Next time I’m going to present my ideal Wrestlemania card – for now, let us know your thoughts on the panel’s matches above, and feel free to share some fantasy matches of your own!

TTT – Top Thirty Wrestlers

Greetings, Glancers! Wrestling is not something I talk about much on my blog – mainly because I can’t be arsed writing about it as keeping up with the 100 hours a week content is a big enough pain, and because there are plenty of bloggers out there who are much more dedicated and knowledgeable than I am. Still, it has been something which has been in and out of my life for as long as I can remember. As I sit here with nothing else to write about in September, I realised that I’m quite far behind on my Wrestling viewing. Summerslam has come and gone yet I’m only just finished watching the Raw and Smackdown after Wrestlemania. And I’m at least 7 weeks behind on Impact. Avoiding spoilers is one thing; catching up is another. So I thought I’d make a little Wrestling list.

In Primary School in the late 80s and early 90s – the early years of the explosion of the WWE (then WWF) thanks to main events like Wrestlemania and Royal Rumble, many of my friends were wrestling fans and those who weren’t still got swept along by the marketing and associated toys. If I had a dubious blue style plastic ring complete with announce table and Heavyweight Belt, another friend had an even more souped up model with walkway or Titantron. Actually – here’s the one I had (I still have it):

I also have three of the four wrestlers pictured

I went away from it for a while, coming back as the Attitude era was picking up and going toe to toe with WCW. This was my second golden era as a new batch of characters reflecting the writing and tone of the time and yet they were still fighting alongside and against many of the household names from my childhood. Those large than life, yet real-life superheroes were performing entertaining feats of strength and agility that had long since been removed from much of the action movies I had also grown up on, and while the storylines rarely changed, they remained silly and pantomime enough for me to shout at the TV like a yahoo.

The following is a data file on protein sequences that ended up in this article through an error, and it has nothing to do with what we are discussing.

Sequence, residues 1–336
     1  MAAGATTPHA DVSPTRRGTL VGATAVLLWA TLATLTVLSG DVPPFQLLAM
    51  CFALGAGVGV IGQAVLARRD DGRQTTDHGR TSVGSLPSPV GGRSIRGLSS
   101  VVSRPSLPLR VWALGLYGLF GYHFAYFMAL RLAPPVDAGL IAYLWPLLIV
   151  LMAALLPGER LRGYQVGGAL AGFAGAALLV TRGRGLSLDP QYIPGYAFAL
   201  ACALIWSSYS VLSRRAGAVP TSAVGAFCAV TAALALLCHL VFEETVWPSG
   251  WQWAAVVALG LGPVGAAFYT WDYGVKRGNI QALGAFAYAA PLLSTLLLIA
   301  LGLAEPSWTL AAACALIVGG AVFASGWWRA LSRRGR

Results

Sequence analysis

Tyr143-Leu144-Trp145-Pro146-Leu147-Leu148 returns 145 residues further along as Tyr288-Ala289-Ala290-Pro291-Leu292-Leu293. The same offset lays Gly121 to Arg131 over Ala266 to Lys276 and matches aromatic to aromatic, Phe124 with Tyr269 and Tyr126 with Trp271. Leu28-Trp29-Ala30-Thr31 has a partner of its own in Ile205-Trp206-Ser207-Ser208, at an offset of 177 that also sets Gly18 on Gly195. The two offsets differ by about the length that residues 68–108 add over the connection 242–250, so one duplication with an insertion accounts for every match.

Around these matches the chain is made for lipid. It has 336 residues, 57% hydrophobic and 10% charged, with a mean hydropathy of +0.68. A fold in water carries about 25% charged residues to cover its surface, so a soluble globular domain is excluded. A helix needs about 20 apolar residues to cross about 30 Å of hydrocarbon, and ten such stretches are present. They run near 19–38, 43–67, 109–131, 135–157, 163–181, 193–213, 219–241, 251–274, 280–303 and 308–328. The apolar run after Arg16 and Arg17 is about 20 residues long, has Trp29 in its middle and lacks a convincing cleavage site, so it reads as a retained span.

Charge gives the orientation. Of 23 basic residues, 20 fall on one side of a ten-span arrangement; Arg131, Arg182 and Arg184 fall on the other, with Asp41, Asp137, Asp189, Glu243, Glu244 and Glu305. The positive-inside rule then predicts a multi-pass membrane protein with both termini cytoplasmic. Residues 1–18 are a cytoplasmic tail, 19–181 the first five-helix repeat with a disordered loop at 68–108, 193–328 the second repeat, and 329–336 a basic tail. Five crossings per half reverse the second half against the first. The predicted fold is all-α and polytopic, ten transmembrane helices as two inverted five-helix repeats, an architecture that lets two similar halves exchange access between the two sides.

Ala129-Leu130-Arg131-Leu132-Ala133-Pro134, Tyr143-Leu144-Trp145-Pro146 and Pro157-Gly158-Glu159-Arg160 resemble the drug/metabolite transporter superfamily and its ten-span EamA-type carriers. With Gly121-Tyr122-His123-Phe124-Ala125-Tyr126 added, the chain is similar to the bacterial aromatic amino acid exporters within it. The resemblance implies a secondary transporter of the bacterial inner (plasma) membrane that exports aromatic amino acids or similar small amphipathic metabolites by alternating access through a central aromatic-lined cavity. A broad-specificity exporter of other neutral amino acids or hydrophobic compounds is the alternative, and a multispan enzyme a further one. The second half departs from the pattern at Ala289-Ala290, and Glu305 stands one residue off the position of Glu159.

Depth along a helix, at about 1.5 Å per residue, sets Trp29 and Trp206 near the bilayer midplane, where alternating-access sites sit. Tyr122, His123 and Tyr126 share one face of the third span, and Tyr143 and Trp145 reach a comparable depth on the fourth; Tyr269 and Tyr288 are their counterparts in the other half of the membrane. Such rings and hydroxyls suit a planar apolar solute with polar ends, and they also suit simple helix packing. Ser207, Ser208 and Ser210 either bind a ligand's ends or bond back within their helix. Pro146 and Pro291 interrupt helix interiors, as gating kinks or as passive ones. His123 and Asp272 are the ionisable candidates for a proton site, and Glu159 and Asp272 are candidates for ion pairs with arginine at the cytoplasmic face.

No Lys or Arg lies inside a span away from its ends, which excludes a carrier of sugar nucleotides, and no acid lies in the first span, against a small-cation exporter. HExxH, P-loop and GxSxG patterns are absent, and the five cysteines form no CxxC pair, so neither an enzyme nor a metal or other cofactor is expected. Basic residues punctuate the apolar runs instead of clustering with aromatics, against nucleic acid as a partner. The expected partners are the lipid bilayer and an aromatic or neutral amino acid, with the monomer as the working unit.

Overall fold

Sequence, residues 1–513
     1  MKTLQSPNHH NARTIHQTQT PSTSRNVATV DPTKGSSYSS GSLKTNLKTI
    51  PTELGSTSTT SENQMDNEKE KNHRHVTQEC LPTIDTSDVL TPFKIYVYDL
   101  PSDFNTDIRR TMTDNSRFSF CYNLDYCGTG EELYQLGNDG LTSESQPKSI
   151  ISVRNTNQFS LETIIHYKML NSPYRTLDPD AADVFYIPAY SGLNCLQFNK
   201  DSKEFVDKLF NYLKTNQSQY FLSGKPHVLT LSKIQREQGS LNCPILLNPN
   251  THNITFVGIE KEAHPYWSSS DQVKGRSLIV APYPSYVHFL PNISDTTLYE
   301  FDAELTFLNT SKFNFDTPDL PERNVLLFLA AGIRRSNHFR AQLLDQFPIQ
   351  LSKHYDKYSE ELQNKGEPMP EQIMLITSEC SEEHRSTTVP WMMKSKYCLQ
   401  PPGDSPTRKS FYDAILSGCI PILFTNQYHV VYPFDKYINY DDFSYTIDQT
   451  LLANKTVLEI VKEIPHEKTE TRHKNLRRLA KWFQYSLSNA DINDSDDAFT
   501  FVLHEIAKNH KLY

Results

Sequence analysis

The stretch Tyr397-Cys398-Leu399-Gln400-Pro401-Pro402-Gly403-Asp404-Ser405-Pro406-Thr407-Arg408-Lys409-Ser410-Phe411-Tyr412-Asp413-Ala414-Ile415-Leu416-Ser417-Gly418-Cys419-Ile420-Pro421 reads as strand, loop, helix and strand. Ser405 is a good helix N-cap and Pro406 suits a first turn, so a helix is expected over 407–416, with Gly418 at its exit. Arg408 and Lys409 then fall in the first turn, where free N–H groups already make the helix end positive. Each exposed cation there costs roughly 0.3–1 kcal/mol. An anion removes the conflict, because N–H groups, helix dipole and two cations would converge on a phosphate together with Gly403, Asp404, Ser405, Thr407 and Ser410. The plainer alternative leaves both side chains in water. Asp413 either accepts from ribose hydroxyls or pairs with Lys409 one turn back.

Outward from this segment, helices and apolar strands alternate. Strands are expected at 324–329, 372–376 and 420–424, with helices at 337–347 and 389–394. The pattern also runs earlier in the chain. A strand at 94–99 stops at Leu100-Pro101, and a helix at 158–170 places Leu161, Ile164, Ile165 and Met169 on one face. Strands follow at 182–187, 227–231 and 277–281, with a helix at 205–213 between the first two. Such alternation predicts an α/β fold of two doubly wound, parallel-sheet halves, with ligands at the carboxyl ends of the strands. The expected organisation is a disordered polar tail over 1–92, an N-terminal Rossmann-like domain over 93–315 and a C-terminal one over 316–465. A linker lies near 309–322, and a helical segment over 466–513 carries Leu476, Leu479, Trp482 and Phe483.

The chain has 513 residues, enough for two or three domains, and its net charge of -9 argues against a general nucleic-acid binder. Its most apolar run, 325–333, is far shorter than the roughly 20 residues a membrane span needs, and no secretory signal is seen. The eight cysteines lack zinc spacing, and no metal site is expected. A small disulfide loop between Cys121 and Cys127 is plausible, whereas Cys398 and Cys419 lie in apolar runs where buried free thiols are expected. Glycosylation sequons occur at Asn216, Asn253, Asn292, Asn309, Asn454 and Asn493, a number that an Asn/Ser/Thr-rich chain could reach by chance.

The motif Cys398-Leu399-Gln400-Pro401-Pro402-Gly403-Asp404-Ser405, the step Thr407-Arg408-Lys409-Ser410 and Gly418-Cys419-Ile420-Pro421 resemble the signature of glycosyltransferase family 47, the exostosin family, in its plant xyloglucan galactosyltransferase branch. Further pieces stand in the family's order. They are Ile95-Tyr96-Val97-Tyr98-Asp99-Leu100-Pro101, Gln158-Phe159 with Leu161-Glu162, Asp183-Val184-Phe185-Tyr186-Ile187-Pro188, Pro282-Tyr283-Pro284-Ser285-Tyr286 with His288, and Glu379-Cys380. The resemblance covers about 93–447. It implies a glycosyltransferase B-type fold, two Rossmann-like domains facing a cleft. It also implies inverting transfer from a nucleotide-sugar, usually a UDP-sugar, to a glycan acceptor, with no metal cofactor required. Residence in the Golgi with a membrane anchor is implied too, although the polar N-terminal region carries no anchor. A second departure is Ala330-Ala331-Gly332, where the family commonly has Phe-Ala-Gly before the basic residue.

Wrestling has always worked in peaks and troughs. A few years after WCW collapsed and most of their talent joined Vince and Co, the Wresting world began to recess from my view – many of the new stars didn’t interest me, plots and gimmicks became too stale, and a lot of the humour and violence was lost. Now in my twenties, I had my own life to live, but as nature and life can sometimes be cyclical it wasn’t long before I started watching again, first with TNA and then back to WWE. A new and enthusiastic batch of younger, fitter, more self-aware and savvy performers had burst onto the scene and my wife (a fan from the 80s too) and kids started watching too. The speed was often increased, there was a focus on Woman’s Wrestling (particularly outside of WWE), and there was more content than every before, including Mexico and Japan’s offerings, Ring Of Honor, and now AEW and Shine/Shimmer.  It was not surprise to me that many of the surviving heroes from my younger days were still hanging around, that plenty of the Attitude Era guys were getting major airtime, and that it was as fun and over the top as ever. There’s simply something comforting knowing that these people are still out there selling it every night, and with each generation a new set of heroes is born and drawn to those bright lights and four corners.